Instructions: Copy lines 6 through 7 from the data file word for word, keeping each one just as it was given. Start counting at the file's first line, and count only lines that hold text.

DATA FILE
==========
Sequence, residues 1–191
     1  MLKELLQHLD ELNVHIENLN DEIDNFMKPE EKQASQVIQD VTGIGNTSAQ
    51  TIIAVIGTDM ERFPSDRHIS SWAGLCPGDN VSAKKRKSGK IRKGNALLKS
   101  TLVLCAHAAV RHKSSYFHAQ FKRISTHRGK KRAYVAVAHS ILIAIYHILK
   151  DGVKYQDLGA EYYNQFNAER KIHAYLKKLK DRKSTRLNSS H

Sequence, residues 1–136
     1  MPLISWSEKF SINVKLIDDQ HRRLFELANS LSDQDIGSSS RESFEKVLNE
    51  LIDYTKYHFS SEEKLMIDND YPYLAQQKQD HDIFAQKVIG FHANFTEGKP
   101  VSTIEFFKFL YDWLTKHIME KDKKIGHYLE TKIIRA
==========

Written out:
Sequence, residues 1–136
     1  MPLISWSEKF SINVKLIDDQ HRRLFELANS LSDQDIGSSS RESFEKVLNE